Look and feel
The Alcatel One Touch 720 is a solid, smart-looking budget mobile
Ease of Use
The capacitive touch screen makes navigation around websites and menus a frustrating affair at times, while the tiny virtual keyboard makes typing slow.
The One Touch 720 includes a decent range of basic apps plus a bog-standard 2MP camera with flash. Sadly you only get a WAP browser, and compared to Android mobiles you’re missing a lot.
Progress can be slow, thanks to the One Touch 720’s simple processor.
You’ll get days of use from a single charge
Review by Sunetra Chakravati,11/2/2012 4:59:17 PM
Ease of use
Looks and feels solid;
Great battery life;
WAP web browsing;
Tough to type;
Basic functionality – Android phones can be bagged for the same price
Alcatel’s One Touch 720 is a £40 basic handset offering a decent range of features, including social networking and video playback. Unfortunately some usability issues make it a tough sell.
The Alcatel One Touch 720 is a stumpy little phone, featuring a compact 2.8-inch screen. We found it fit well in the hand and was comfortable to use, with a solid finish that can tolerate a fair bit of abuse. The faux-metallic rim is a neat touch that breaks up the white chassis. It’s a good-looking mobile considering the low cost.
Breaking convention, the volume buttons are located on the left side, along with the Micro USB charging port. The power button and 3.5mm audio jack are found on top. The back plate is removeable tso you can access the battery, and you’ll also find the SIM card slot and a space for a micro SD card slot, to add up to 8GB of storage space for your media. Beneath the screen you’ll find four physical buttons for Menu, Home, Back and Wireless Networking.
That 2.8-inch TFT display is low-resolution, so photos and other images look blocky and lifeless, but we expected nothing less at this price. Touch controls are capacitive, but thankfully you don’t have to prod too hard on the screen for your touch to register. You’ll definitely have to use a bit of pressure when swiping, however – for instance, to unlock the phone.
Unfortunately the compact screen also makes for a tiny virtual keyboard, so mistakes are common no matter how careful you are. Turning the phone sideways sadly doesn’t swivel the keyboard into landscape mode, which usually offers a bit more room, giving larger keys. There’s no predictive text either, so you have to physically type out every word in full and either delete or tolerate any mistakes you make. If you constantly text or email, we’d recommend buying a phone with a larger display.
Browsing the internet is done via the rather antiquated WAP system, making for a not-too-enjoyable experience. The Opera browser is as basic as it comes, offering blocky text and burying useful options away in menus. For instance, to enter a web address, reload a page or add a bookmark you have to go to ‘Menu’ and then a sub-menu, whereas the likes of Android’s browser has those options right on the main page. Also, pressing the physical ‘back’ button actually takes you out of the browser, dumping you to the Home page.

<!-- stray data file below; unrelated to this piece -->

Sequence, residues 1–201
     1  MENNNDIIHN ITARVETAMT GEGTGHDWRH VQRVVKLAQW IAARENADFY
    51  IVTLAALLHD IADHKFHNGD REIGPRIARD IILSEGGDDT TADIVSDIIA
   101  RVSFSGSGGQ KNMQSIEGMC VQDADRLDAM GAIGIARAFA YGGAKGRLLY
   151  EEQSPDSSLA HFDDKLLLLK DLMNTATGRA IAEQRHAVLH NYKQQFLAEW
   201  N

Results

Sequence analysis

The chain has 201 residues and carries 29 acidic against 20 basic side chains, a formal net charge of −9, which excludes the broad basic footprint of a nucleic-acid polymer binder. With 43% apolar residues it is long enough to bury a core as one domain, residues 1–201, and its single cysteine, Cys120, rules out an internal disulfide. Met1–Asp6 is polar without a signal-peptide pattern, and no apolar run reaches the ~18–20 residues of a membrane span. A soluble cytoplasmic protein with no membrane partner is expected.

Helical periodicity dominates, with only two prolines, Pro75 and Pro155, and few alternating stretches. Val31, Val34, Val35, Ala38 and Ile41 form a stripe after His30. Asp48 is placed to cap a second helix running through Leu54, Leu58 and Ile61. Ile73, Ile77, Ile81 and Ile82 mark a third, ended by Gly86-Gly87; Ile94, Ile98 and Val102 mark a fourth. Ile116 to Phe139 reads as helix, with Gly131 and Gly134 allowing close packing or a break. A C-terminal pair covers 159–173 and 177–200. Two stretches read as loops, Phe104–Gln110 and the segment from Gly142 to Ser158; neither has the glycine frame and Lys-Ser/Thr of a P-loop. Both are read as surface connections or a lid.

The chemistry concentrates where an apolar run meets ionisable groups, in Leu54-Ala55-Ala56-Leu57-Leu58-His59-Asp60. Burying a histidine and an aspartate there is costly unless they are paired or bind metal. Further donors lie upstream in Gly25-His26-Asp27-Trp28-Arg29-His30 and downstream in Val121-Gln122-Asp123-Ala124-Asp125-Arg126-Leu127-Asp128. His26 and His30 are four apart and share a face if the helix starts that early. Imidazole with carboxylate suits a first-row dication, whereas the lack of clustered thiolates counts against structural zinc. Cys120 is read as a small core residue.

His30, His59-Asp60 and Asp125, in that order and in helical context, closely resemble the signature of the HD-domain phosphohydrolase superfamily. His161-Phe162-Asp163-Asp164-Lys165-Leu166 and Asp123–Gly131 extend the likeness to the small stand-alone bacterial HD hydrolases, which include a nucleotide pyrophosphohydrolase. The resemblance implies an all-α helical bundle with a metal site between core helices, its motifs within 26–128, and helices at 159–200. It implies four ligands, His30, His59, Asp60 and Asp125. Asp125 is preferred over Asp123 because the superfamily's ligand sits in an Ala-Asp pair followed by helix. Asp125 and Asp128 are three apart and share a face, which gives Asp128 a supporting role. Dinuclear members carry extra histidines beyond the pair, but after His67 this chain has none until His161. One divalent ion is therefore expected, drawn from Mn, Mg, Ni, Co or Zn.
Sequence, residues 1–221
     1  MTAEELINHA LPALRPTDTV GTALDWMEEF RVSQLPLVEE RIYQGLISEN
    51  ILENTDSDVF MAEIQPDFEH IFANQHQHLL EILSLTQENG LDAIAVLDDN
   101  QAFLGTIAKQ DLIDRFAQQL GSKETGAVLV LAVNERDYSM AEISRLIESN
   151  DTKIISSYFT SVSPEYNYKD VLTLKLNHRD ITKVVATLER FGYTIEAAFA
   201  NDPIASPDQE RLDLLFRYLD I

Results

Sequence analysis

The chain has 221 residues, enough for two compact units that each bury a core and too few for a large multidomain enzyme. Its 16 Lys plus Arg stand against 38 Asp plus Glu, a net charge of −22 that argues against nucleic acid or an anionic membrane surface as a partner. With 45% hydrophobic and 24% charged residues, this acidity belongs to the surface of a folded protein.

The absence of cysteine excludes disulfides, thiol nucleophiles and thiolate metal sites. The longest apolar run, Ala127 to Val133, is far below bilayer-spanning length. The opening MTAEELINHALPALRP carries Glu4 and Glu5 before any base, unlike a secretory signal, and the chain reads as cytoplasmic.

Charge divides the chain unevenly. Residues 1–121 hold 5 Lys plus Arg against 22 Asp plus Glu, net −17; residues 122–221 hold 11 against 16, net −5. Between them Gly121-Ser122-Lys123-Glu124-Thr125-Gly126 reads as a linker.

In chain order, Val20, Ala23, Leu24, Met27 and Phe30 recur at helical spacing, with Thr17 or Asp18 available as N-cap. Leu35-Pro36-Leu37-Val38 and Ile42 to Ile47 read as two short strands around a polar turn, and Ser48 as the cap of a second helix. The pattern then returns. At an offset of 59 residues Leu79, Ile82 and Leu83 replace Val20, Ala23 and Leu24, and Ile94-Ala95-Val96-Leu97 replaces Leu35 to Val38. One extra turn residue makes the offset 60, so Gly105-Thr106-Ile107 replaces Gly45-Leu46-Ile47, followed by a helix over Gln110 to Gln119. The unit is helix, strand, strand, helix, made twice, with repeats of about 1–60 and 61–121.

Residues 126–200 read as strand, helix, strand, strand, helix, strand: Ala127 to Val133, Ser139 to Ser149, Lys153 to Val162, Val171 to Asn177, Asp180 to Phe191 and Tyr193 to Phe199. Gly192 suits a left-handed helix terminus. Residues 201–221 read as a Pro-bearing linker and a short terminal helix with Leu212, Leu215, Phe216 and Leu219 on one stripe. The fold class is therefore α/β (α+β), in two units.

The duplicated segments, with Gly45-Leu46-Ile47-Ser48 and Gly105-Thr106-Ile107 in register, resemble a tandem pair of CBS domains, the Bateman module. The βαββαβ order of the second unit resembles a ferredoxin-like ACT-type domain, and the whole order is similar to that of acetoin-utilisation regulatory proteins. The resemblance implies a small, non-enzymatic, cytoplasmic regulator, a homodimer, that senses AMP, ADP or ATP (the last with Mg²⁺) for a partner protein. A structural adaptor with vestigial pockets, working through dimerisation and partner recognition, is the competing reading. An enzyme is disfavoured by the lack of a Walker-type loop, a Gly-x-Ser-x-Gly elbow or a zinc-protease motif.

Another issue is the low-resolution screen, which means you have to zoom right in to a webpage to read the text. This means you’ll only see a small portion of a page at a time, so you’ll be scrolling around an awful lot. We also found that prodding links was a hit-and-miss affair. Occasionally the screen would vibrate as if our poke had registered, but nothing would happen, forcing us to prod again until it worked. The worst was tapping text boxes to enter text: often we had to tap them a dozen or more times before the virtual keyboard appeared.
The 2MP snapper is a bog-standard affair, not surprising considering the sub-£50 asking price. Our shots were grainy and each photo takes several seconds to capture and save, so don’t expect to get any decent action shots. We’d use it only for capturing profile pics of your friends and family, but at least it’s there if you need it. Impressively, there’s also a built-in flash for night shots and you can also shoot low-res video.
The One Touch 720’s desktop looks similar to Android’s, allowing you to add some simple widgets as well as shortcuts to your favourite apps (but not websites as far as we could see). You get three desktops in all, plus virtual shortcuts to your phone book, messages, dialler and apps. In addition to a built-in radio, you have video and music players to keep you entertained on the move. You also get an ebook reader (although reading novels on the tiny screen, much like watching your downloaded TV shows, is a brow-furrowing experience), plus various productivity apps such as a calendar and voice recorder.
Rounding off the built-in apps are Facebook and Twitter efforts that allow you to view your social streams and post updates. They don’t offer full functionality, but are good enough for catching up on your mates’ movements.
The good news is, the One Touch 720 has a long-lasting battery that’ll survive for days. If you’re off on a weekend trip, you shouldn’t need to pack the charger.
Alcatel’s One Touch 720 is a very affordable phone that looks smart and packs in a decent range of features. The problem is that for just a few pounds more you can bag yourself budget Android devices such as the Alcatel One Touch 903, which are a lot more user-friendly and can also access the internet using a ‘proper’ browser.